Wonder Woman has finally made it to the big screen in her first live-action solo film this week. However, it is not the only time she has led a film, starring in the 2009 direct-to-DVD animated film.
Centuries ago the Amazon warrior women went to war with the forces of Ares (Alfred Molina), the ancient Greek god of war. After a hard fought battle the Gods intervene, allowing the Amazons to hold Ares hostage and were given their own island so they no longer have to live with men.
Diana (Keri Russell), the daughter of Queen Hippolyta (Virginia Madsen) has been trained to be a skilled warrior but she has never seen the outside world. Her opportunity comes when a USAF pilot, Steve Trevor (Nathan Fillion) crashes on Themyscira and she agrees to take him back to America. However, Ares escapes at the same time and becomes more powerful than ever. It’s up to Diana and Steve to save the world from the God of War.
The 2009 version of Wonder Woman is basically a modernization of the origins story, taking the character away from a historic conflict that’s ravaging the world. As an origins story, the animated film does a decent if unspectacular job. It follows the main origins plot points: Hippolyta makes a daughter out of clay and Diana being raised in isolation before Steve crashes on Themyscira – being the first man she ever sees.
Wonder Woman (2009) had plenty of talent working on the film: it was directed by Lauren Montgomery who directed Superman/Doomsday, Green Lantern: First Flight and Batman: Year One, comic-book writer Gail Simone co-wrote the story with Michael Jelenic and the overseeing of all things animated for DC, Bruce Timm, produced the film. There was also an impressive voice cast, featuring stars like Keri Russell, Nathan Fillion, Alfred Molina, Rosario Dawson and Oliver Platt as well as veteran voice actors like Tara Strong (Bubbles from Powerpuff Girls) and John DiMaggio (Futurama’s Bender). And their talents weren’t wasted: Montgomery keeps to the Timm character designs that he used in his Superman and Justice League shows and there was a fluidity in the action scenes as Wonder Woman uses her fists and weapons to do battle.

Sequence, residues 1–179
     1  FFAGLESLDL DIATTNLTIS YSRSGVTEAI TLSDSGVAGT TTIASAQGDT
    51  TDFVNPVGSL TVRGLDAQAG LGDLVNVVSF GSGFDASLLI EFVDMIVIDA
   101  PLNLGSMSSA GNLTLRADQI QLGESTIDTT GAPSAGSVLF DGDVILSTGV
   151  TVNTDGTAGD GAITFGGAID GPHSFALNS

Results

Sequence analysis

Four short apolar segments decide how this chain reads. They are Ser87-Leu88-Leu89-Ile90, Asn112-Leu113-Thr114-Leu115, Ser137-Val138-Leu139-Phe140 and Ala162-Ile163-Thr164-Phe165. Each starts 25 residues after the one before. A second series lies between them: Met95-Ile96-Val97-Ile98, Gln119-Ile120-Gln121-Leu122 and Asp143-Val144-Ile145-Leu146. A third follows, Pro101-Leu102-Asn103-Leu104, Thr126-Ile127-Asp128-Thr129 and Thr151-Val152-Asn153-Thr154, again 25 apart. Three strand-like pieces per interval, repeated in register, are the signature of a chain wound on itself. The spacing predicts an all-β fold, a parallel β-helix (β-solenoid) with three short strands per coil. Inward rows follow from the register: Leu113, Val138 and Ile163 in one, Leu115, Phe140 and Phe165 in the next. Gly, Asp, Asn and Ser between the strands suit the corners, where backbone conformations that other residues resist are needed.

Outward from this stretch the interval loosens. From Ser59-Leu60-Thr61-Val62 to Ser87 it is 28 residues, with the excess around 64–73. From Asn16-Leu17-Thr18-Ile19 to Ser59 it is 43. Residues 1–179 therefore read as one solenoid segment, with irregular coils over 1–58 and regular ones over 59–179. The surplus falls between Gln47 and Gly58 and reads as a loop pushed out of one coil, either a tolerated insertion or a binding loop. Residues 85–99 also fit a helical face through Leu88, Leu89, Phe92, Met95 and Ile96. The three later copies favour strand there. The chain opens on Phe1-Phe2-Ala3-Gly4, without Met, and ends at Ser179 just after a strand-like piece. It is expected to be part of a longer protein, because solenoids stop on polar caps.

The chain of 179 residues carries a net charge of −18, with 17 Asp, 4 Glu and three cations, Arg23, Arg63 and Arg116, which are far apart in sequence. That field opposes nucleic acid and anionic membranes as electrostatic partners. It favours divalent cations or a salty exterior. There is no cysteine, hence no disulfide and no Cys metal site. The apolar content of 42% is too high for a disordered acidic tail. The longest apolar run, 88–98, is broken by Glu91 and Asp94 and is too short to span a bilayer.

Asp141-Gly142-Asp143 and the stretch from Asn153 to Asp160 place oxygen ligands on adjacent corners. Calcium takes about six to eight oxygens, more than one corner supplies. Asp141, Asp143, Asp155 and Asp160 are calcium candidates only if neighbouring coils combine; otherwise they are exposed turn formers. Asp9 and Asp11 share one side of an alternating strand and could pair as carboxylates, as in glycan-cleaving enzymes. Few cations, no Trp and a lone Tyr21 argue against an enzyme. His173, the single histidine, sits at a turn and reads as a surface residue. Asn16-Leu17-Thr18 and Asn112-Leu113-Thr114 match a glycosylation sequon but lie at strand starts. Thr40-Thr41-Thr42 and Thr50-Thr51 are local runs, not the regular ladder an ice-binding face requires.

Wonder Woman was originally created by William Moulton Marston with the aim of being a positive role-model for girls. But he was also keen on bondage scenes with the heroine which are not particularly politically correct today. By moving Wonder Woman’s origins to the modern day she got to act as a critic of attitudes towards women: she was a woman raised to be a strong, smart warrior and when she comes to America sees various forms of chauvinism and stereotypes: she makes a stand against these. Wonder Woman acted as the feminist icon she’s meant to be.
The Wonder Woman series is also heavily influenced by Greek mythology and the movie does a fine job at modernization the mythology. Ares grows more powerful when there is violence around him – which leads to the people around him becoming more violent: it’s a vicious circle. Oliver Platt’s Hades was a delight – being sly, cunning and self-serving. Although he was only in the film briefly, Hades plays the Gods against each other and it would have been great to see more of him.
Due to the fact that Wonder Woman (2009) was a direct-to-DVD movie, it was more violent than its TV series counterparts – a fair amount of blood is shed and characters get decapitated. One of the most effective is when Ares raises dead Amazonians to fight against their living sisters and if any Amazonians fall in the battle turned into a zombie.
Whilst Fillion is an actor with a fanbase he was made to quip like he was in a Joss Wheldon project but with dialogue that isn’t as well written. When he first met Diana and the Amazonians he was made out to be a bit sleazy.
Wonder Woman (2009) is excellent preparation for the live action film and it makes interesting reinterpretation of the character’s origins. It’s worth checking for people who enjoy superhero adaptations.